Creighton Professor Develops Electronic Program to Coordinate Patient Care
Creighton University Intellectual Resources Management has filed a patent for a novel, electronic program to coordinate patient health care – called eWellRx – that could help health care providers, patients and even companies improve health and reduce health care costs.
Tom Lenz, Pharm.D., a Creighton associate professor of pharmacy practice in the School of Pharmacy and Health Professions, developed eWellRx after Creighton officials were unable to find anything similar on the market to assist with a one-year pilot project to help employees reduce their risk for cardiovascular disease. Lenz is director of the pilot study, which ends Aug. 30, 2009.
Lenz says he hopes to offer an expanded program to other companies within the next year. He estimates that eWellRx, when rolled out full-scale, could save institutions like Creighton thousands of dollars annually in health costs while improving people’s quality of life through positive lifestyle changes such as better nutrition and exercise habits.
“It will be particularly beneficial for those with chronic conditions such as diabetes, obesity or high blood pressure,” he predicted. “The program could also be used by health care professionals who treat patients with chronic diseases, such as cancer, or HIV, organ transplants or bariatric surgery to coordinate patient care when several additional health care professionals are involved.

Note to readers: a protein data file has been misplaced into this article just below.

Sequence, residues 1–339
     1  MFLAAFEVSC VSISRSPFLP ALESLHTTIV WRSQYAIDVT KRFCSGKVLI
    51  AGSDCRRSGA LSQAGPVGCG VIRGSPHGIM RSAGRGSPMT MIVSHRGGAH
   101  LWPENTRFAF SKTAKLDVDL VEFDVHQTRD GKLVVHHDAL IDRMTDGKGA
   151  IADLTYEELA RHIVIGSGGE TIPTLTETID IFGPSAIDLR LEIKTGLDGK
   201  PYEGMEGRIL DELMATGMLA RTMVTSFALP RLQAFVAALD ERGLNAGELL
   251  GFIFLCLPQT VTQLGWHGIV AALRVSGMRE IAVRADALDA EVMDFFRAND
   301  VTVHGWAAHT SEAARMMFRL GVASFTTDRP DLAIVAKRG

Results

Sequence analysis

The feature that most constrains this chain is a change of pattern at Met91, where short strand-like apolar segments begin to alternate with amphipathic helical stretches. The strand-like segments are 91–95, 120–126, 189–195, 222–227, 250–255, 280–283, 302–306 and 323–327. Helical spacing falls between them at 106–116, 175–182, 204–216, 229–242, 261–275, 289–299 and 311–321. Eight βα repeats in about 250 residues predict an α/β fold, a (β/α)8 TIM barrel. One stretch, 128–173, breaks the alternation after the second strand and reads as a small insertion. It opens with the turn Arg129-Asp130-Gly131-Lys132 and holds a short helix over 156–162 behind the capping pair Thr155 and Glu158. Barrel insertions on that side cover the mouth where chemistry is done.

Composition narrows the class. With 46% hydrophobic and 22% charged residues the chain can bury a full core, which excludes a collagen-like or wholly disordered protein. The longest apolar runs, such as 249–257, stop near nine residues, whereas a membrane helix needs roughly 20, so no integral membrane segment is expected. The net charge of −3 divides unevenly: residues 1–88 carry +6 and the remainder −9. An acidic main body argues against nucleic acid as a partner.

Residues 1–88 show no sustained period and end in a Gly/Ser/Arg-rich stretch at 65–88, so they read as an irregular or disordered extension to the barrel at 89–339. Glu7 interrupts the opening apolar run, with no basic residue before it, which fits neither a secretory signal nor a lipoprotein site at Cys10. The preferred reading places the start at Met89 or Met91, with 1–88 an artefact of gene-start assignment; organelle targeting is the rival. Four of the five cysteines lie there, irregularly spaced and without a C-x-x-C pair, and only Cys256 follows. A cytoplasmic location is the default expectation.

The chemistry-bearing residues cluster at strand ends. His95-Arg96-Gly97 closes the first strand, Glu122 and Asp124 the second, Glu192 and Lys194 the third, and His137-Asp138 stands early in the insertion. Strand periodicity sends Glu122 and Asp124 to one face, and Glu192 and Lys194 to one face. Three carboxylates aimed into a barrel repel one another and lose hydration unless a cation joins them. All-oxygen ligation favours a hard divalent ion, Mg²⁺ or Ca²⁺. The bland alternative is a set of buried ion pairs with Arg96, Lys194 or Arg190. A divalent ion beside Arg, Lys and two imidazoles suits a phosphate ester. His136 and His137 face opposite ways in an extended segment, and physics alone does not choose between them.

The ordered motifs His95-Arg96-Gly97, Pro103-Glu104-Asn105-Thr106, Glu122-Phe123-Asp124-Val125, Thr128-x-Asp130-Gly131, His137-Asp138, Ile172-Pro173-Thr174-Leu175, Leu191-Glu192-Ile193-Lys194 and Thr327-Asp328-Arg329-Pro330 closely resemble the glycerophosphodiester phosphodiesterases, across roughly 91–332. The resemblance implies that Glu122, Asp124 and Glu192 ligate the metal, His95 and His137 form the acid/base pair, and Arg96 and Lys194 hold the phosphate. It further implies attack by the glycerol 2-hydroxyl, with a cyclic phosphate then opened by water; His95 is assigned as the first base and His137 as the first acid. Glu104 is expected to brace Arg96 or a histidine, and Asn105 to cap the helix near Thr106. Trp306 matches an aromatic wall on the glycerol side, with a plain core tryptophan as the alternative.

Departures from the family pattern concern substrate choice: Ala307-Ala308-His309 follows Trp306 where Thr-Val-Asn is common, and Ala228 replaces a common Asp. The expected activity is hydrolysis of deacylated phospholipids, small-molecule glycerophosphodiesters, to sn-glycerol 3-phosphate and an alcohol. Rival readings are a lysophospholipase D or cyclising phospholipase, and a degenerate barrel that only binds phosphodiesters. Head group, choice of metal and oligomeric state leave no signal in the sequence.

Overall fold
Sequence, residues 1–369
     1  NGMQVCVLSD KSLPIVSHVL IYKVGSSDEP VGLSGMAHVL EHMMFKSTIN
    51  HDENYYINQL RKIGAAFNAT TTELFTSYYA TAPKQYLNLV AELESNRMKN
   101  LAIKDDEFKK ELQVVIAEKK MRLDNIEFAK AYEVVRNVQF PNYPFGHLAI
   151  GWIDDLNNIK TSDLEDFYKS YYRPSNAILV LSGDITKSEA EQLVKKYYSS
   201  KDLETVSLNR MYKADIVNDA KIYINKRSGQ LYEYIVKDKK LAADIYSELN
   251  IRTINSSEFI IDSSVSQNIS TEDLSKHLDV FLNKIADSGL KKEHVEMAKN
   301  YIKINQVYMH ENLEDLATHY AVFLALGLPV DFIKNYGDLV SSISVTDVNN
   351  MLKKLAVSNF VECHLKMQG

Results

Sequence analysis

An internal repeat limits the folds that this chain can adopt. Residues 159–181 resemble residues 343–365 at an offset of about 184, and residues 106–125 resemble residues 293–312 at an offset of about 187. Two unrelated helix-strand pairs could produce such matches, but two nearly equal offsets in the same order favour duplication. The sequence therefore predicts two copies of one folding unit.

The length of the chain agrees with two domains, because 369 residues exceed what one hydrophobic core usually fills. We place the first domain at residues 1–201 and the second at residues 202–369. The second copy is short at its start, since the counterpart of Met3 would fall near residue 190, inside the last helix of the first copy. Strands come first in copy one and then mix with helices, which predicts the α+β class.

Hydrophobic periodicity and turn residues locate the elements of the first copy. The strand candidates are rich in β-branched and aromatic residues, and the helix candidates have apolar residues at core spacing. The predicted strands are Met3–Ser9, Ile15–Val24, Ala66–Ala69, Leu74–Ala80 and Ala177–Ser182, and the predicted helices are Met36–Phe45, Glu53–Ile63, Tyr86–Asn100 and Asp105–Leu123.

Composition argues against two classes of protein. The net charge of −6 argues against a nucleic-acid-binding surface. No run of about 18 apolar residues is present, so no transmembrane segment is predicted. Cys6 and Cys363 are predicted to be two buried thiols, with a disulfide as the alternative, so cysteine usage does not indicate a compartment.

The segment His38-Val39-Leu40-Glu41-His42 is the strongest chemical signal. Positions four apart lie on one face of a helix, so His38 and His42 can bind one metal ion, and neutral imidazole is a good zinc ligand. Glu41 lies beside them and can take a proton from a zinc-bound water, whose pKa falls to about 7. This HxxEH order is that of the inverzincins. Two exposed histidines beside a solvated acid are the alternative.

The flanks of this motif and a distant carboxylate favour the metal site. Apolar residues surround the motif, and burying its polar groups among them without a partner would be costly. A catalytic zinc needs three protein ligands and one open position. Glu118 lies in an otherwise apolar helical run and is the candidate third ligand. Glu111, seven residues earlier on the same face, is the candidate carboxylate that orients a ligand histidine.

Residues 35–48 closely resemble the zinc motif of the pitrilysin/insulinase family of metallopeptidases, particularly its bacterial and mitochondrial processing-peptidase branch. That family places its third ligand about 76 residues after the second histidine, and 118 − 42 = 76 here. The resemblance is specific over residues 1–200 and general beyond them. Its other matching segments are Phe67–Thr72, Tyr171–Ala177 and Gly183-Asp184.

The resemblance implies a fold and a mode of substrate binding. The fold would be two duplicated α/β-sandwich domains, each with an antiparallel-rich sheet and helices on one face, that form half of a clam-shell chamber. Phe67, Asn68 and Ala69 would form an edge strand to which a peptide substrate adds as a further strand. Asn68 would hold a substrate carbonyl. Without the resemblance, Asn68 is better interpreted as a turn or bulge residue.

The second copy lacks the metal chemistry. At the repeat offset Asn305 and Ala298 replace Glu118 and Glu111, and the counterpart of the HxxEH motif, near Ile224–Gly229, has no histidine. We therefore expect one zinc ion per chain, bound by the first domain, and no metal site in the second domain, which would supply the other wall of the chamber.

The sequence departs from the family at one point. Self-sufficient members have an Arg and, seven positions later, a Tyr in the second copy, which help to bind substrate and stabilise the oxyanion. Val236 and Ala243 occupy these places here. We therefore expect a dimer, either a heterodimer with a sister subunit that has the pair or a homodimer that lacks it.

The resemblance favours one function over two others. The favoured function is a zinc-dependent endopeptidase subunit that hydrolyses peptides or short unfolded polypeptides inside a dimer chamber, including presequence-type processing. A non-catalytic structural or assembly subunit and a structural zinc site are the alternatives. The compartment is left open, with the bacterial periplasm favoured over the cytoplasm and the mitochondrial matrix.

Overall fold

Under eWellRx, a patient’s medical records, including a daily diary of vital signs, dietary intake, exercise and medications – are monitored electronically by a designated health care team led by a care coordinator. The team, including the care coordinator, doctors, pharmacists, nurses and others, as well as the patient, then can communicate securely through eWellRx to address concerns such as incompatible medications or patient questions.
Lenz believes eWellRx is a “giant leap forward” with the concept of wellness and chronic-condition management. Because of its electronic documentation, health care provider communication and other components, he said, the program can closely monitor patient conditions with a goal of keeping patients out of the hospital.
The invention could become particularly valuable as the United States moves toward uniform, electronic medical records, he said.
“Not only can eWellRx greatly reduce a patient’s chance of having a stroke, heart attack or some other life-threatening event that will land him or her in the hospital, but the person can become happier in the process,” Lenz said. “That’s pretty neat.”